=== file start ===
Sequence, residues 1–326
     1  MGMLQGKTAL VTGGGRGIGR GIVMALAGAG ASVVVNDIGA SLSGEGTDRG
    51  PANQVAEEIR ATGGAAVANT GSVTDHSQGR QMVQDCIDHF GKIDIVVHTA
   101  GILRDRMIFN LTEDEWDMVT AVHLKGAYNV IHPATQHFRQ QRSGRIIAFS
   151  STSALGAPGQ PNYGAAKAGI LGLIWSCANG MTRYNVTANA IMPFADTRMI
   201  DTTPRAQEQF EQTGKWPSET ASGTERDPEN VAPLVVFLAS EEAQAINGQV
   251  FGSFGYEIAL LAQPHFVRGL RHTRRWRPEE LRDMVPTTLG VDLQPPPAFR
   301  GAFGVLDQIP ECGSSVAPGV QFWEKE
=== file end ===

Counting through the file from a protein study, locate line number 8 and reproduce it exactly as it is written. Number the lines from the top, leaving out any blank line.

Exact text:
   301  GAFGVLDQIP ECGSSVAPGV QFWEKE